A 51-year-old has been charged by Australian police over a listening device found attached to a chair in a New Zealand meeting room at the Double Bay Intercontinental Hotel in Sydney, ahead of a match between the All Blacks and Australia. The man, who remains unnamed, was employed as a security consultant and had worked with New Zealand for a long time.

The news came as a shock to New Zealand coach Steve Hansen, who says the man charged was "well respected" among the All Blacks camp and called the charge of public mischief "unbelievable". The man is set to appear in court on 21 March.

"Frankly, the charge seems bizarre and unbelievable," Hansen told the BBC. "However, as with all cases before the courts, there has to be a due process that takes place and it is not right or proper for us to make any further comment as this could jeopardise the outcome of the case."

Chief executive of the Australian Rugby Union, Bill Pulver, expressed his happiness over an "individual being called to account for the incident" but cursed the fact that the discovery of the device was reported on the day the Aussies were soundly beaten 42-8 by their rivals in the Bledisloe Cup in August. The victory was New Zealand's biggest on Australian soil for 113 years.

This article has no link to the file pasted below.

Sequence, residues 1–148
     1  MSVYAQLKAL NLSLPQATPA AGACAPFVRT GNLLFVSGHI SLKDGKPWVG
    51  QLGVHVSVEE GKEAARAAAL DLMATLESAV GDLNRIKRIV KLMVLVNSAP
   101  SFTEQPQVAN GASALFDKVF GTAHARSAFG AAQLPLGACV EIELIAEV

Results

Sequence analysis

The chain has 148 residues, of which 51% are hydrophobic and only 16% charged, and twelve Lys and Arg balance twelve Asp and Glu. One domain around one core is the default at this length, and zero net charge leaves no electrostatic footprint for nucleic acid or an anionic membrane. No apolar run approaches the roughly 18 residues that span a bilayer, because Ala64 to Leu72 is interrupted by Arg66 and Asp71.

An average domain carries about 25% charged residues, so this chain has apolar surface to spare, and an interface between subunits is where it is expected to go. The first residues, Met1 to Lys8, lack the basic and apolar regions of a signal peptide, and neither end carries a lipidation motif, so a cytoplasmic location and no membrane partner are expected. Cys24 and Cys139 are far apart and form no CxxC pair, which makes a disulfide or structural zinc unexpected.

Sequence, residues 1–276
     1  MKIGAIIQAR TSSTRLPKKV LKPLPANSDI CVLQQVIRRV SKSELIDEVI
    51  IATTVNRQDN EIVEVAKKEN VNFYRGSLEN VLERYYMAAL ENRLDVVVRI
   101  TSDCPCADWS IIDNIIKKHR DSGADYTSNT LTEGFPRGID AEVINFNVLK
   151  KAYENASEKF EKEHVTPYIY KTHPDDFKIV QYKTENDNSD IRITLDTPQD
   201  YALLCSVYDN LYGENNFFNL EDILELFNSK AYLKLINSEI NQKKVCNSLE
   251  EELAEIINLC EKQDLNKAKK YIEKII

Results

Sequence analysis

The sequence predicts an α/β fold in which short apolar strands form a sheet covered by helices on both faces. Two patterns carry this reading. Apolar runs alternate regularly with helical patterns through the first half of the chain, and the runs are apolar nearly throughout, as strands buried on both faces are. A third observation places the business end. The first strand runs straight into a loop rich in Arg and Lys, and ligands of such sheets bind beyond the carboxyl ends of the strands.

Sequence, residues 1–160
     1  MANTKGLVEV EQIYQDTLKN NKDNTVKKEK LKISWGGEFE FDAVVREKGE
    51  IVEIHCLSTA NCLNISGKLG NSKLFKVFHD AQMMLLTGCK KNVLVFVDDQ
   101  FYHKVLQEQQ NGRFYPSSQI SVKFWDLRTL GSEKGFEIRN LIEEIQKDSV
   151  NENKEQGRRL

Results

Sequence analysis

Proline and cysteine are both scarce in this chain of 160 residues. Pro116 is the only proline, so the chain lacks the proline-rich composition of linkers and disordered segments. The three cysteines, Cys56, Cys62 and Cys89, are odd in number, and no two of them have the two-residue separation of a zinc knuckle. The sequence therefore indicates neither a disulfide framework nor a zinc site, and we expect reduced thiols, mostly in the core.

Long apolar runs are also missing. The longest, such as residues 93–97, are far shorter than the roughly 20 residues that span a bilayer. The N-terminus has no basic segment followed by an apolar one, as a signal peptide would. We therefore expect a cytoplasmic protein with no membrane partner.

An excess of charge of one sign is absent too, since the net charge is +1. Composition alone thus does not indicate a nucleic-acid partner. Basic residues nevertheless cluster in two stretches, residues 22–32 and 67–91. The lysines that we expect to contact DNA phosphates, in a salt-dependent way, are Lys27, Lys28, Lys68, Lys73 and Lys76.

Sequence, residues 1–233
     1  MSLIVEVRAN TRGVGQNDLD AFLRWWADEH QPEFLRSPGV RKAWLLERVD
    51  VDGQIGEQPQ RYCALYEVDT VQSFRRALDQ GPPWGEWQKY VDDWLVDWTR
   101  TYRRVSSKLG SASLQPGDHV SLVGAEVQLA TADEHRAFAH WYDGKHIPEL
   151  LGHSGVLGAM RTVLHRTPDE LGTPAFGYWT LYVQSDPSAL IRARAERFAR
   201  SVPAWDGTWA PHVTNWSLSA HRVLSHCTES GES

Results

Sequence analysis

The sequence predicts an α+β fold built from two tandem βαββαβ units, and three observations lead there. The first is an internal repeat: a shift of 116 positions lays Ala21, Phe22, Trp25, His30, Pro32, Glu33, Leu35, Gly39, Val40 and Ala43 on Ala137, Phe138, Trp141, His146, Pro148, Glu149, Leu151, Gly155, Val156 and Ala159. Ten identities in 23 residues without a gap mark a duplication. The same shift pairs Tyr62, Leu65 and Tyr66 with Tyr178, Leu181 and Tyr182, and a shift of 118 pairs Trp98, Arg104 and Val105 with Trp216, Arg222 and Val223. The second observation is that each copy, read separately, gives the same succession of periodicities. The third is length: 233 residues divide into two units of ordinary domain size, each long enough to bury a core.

"The aspect that still leaves a bitter taste out of this whole affair is that the discovery of the device was reported publicly on game day, when it is understood that the alleged discovery of the device occurred much earlier in the week leading up to the Test match," Pulver said.

"Clearly the media attention that resulted from it was a distraction neither team needed on the morning of a very important test match. The ARU and the Wallabies were never accused of any wrongdoing, however it was still important that this matter reached a conclusion to provide complete reassurance to all fans that the organisation and the team had no part in any of this.

"There may be some questions that remain but certainly today's news is welcome news that an individual has been called to account over this incident."